Sunday, February 26, 2012

Drama of Color and Texture

Mushrooms 2 watercolor on Yupo 5x7"

I loved painting the drama of color and texture of these mushrooms.  I had painted these mushrooms before  - ( reproduced also below) but I wanted to experiment and play with them again from a slightly different angle.  I tried more stylized repetition of shapes  and more intense hues.  Colors on Yupo dry deeper than on regular watercolor papers when the brush is loaded with straight color but not much water. Pressing with crumpled up tissue, misting with water and letting each layer of paint dry thoroughly before coming back with another layer of transparent paints resulted in the different textures. 

Bursting Colors watercolor on Yupo 5x7"

Last fall finding these mushrooms on one of my walks I had held my small camera close to the ground and taken a few photographs.  It was really fun to dramatically transform the already colorful mushrooms even further :)  

Mushrooms digital photography 

Monday, February 20, 2012

Run Me Out In The Cold Rain And Snow

Out in the Cold Rain and Snow Digital Photography 

“It was a rainy night. It was the myth of a rainy night.” 
― Jack Kerouac, On the Road

PS: I have tried to take away the two word thing on the comment form.  Please let me know if its working! If it is not working could you tell me what/how to do do it so it doesn't show up anymore?

Wednesday, February 15, 2012

Fascinatingly Beautiful

Orchid  watercolor 5x3" 

As I did a quick sketch of the orchid a few days ago using my water brush pen and sketch kit of limited paints, I vaguely remembered that the orchid varieties in number are almost double that of bird species. I went surfing to see if my recollection was right. 

My memory had served me well and  I also discovered that at 25,000+ species, there are four times more varieties of orchids as that of mammals!  More interesting was that 'the name comes from the Greek ὄρχις (órkhis), literally meaning "testicle", because of the shape of the root.'!  Greeks also thought if would-be fathers ate large new orchid tubers their child would be male and if mothers ate small tubers, the child would be female :)  The flavoring vanilla comes from one genus of Orchid -vanilla(of course). The Aztecs believed vanilla mixed with chocolate gave them great strength. In China however, orchids are a key ingredient in medicines for treating coughs and lung-related illnesses. It is also quite fascinating to read about pollination, propagation and seed production in orchids. Growing up in tropical India, I knew them as beautiful and colorful epiphytes and was fascinated how they grew on trees!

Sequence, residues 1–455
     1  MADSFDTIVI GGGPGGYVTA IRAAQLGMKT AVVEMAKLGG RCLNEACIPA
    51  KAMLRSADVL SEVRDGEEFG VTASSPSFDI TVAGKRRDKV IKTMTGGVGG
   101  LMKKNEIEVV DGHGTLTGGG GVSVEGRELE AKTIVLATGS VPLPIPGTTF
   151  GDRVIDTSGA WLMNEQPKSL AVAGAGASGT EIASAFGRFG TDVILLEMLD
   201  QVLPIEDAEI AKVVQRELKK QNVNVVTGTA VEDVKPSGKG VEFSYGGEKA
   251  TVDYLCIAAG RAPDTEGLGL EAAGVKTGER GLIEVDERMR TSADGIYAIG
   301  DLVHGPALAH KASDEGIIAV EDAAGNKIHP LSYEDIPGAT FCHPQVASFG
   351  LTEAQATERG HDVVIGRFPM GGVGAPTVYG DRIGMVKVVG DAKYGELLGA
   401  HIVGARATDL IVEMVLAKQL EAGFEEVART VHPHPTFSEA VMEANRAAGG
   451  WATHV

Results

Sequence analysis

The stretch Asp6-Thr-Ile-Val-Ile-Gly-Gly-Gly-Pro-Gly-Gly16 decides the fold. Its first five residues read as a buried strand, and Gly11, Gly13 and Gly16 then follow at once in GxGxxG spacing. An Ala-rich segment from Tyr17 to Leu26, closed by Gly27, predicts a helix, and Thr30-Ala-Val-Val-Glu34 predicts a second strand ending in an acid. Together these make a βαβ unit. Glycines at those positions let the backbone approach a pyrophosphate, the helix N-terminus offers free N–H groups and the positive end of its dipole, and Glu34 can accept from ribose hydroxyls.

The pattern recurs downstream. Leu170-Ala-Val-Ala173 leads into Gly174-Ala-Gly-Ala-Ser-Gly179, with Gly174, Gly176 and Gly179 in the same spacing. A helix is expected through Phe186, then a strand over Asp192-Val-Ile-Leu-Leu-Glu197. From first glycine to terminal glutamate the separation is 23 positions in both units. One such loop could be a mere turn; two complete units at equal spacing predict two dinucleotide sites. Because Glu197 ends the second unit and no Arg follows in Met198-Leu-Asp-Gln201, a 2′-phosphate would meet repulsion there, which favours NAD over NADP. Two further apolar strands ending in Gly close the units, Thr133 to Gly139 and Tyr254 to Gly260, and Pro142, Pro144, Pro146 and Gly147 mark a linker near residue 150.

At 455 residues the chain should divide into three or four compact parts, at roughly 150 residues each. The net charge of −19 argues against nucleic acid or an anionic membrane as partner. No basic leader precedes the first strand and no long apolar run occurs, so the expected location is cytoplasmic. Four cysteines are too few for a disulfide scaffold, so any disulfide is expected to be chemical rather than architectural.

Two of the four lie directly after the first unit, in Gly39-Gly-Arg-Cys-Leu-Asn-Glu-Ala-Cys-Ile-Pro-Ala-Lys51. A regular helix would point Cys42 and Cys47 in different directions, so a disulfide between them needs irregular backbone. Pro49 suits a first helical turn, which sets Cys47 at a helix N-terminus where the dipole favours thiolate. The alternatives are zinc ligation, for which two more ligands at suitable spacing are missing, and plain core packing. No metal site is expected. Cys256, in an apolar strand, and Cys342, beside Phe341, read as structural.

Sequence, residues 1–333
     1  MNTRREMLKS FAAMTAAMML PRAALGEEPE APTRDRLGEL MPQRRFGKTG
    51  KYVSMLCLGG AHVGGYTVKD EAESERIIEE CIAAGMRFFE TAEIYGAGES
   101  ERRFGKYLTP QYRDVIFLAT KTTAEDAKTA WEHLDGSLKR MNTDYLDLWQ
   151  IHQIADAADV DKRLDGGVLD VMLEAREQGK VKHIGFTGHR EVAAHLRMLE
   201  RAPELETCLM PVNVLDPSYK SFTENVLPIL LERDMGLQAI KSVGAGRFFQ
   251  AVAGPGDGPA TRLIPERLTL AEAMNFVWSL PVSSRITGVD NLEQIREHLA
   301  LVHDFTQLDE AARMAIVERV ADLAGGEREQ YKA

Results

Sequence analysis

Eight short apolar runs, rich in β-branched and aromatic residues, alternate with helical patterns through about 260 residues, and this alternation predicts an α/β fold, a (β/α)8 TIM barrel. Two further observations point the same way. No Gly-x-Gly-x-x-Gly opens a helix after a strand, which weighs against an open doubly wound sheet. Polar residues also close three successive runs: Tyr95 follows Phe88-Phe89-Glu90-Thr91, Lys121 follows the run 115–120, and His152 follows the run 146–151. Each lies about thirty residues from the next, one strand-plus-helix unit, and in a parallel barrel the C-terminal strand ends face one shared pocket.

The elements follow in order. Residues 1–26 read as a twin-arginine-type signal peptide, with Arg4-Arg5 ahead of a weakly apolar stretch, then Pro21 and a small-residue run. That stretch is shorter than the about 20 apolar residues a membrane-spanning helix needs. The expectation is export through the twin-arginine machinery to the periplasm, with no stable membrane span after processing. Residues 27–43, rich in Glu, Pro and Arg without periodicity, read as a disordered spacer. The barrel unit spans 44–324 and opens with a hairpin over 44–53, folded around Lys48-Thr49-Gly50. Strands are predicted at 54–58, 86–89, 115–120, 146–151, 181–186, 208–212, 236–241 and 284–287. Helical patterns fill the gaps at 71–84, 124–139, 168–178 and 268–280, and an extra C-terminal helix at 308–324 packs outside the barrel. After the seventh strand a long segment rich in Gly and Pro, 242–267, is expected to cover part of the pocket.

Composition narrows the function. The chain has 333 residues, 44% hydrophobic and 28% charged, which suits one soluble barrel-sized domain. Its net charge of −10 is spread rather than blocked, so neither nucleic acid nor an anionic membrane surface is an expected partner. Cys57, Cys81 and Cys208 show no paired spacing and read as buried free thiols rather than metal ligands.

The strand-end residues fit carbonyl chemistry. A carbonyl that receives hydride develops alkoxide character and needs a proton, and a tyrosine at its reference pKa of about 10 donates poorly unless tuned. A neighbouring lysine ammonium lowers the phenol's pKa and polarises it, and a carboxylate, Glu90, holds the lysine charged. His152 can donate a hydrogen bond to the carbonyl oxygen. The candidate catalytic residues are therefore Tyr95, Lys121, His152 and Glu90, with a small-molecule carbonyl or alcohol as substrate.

I have a l wide collection of photos as well as few sketches of orchids and I hope to paint some larger varied flowers soon!

Saturday, February 11, 2012

Remembrance, The Lasting Perfume

Memories of a bloom 2 watercolor on Yupo 5x7"

Pleasure is the flower that passes; remembrance, the lasting perfume.  ~Jean de Boufflers

I saw these stalks with dried out flower pods, petals, leaves still attached while on a walk couple of years ago in Colorado.  This painting is the second in the series capturing the memories of that cold crisp morning. I used the same techniques in this painting as in the earlier one.  My plan is to  change or add  one color to each of the painting to give each painting its uniqueness as well as making it a part of the series. They are small paintings but take time to complete since each layer has to dry completely before I lay the next one. You may check out the first painting here